Image: Spread from the book, The Dallas Pavilion
Essay within the publication, The Dallas Pavilion, ed. Jaspar Joseph-Lester & Michael Corris (Dallas: Free Museum of Dallas Press, 2013). The book is presented as a theoretical Dallas Pavilion at the Venice Biennale.
Cowboys on the Lido
On March 3, 2009, within The Modern Art Museum of Fort Worth's inimitable Tuesday Evening Lecture series, I presented a talk entitled Cowboys on the Lido. At the time I was the curator of The Art Galleries at TCU and their recently inaugurated gallery, Forth Worth Contemporary Arts. The talk was a good natured provocation to consider what a Texan pavilion at the 54th Venice Biennale could mean as a socio-political gesture and what it could possibly contain. At that time next Venice Biennale would coincide with the 175th anniversary of the founding of the Republic of Texas this auspicious calendar correspondence seemed something to aspire towards.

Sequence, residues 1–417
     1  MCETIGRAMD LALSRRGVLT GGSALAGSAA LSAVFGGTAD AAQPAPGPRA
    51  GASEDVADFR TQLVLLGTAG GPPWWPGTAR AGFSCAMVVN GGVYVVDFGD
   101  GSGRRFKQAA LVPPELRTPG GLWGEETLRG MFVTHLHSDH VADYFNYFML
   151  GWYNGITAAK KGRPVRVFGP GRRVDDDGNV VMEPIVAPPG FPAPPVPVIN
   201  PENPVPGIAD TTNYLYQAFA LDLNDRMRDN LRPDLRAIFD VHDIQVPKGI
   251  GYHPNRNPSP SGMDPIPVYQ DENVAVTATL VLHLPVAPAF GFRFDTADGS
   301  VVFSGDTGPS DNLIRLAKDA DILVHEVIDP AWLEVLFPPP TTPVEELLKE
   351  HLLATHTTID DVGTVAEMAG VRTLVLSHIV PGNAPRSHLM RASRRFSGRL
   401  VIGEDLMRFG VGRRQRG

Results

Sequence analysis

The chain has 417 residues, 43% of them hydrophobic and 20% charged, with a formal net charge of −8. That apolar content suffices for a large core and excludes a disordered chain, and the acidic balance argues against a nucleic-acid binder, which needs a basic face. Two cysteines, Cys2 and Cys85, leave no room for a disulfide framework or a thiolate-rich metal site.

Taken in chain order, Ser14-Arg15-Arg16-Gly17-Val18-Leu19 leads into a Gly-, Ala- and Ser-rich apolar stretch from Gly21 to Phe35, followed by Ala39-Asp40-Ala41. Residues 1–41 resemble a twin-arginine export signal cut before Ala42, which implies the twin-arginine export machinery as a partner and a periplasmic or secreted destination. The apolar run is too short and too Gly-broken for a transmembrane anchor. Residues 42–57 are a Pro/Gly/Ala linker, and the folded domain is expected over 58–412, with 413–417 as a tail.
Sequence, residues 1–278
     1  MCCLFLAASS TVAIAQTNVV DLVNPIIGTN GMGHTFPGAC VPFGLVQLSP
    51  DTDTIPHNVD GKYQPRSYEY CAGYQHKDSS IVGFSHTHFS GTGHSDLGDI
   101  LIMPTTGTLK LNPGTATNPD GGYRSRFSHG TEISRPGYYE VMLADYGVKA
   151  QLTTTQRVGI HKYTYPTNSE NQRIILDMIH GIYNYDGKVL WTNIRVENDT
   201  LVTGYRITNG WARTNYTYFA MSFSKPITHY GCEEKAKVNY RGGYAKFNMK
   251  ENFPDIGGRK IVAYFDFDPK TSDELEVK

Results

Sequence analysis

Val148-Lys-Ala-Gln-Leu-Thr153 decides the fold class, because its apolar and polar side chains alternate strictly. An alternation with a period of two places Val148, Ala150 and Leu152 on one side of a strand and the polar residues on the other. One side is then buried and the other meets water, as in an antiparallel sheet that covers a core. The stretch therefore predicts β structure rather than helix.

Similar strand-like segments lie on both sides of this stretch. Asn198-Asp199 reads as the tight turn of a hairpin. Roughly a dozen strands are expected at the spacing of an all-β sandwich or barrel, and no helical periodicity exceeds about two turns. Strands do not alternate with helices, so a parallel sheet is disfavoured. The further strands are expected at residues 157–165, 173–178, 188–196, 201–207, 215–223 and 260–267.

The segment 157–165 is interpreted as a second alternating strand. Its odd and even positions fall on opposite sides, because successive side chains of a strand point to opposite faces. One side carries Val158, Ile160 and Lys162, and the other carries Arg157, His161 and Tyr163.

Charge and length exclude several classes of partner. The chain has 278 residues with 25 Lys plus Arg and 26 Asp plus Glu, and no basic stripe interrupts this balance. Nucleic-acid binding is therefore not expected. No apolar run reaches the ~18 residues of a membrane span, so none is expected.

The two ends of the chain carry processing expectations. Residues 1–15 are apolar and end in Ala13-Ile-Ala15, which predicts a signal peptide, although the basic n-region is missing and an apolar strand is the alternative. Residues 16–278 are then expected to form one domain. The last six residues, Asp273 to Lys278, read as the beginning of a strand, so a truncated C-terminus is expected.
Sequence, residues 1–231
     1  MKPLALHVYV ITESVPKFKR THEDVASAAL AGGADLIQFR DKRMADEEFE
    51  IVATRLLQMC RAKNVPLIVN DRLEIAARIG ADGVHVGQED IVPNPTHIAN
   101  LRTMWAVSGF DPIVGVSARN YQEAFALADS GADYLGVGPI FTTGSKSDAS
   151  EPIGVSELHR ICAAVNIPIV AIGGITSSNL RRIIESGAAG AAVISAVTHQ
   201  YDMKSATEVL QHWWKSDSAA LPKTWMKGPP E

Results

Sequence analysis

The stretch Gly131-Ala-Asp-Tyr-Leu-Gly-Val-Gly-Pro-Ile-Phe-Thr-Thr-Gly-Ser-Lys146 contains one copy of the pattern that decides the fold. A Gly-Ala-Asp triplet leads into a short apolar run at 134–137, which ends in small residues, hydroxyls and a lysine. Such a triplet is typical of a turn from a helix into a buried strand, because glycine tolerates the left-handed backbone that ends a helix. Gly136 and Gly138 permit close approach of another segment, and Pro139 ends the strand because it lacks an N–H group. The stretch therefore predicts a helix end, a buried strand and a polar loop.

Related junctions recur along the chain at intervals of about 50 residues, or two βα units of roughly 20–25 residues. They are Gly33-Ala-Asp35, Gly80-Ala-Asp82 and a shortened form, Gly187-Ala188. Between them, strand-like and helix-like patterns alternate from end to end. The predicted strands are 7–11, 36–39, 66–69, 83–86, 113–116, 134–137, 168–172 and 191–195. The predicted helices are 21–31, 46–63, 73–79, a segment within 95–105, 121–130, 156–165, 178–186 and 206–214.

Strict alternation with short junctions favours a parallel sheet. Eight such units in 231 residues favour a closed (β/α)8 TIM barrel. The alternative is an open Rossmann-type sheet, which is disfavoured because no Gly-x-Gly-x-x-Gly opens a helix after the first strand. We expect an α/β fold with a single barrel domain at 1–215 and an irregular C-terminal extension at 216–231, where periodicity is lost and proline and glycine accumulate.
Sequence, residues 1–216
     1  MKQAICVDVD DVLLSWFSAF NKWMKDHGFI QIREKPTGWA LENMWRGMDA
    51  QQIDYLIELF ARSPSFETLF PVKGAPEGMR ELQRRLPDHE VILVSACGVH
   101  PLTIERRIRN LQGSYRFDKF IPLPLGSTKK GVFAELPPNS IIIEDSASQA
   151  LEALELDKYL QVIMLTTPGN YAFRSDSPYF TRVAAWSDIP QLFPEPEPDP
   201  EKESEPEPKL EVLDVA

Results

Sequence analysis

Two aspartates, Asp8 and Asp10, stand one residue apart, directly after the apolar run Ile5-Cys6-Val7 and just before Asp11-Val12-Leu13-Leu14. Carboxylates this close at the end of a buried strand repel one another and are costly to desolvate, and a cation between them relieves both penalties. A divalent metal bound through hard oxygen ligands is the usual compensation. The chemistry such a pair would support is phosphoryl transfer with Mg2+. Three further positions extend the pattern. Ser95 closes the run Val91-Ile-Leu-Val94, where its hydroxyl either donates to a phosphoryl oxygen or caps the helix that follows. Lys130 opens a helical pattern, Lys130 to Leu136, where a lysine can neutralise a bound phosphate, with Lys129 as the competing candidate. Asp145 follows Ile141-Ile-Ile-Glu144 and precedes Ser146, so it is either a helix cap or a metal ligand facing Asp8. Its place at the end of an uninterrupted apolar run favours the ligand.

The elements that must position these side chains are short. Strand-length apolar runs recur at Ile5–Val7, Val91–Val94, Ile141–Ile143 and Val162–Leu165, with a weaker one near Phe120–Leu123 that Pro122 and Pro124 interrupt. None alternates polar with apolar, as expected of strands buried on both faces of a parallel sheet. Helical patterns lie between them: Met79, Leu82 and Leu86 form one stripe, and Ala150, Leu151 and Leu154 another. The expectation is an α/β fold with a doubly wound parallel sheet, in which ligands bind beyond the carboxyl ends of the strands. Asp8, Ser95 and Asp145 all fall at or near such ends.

As a Scot recently arrived in Texas, and feeling incongruous in an alien land, I was greeted daily with the bumper sticker, 'I wasn't born in Texas but I got here as soon as I could.' It confirmed two things, there was a cultural gap that was unbridgeable for me, but also there was a definite, 'here’ or sense of place that Texas has and it was intoxicating...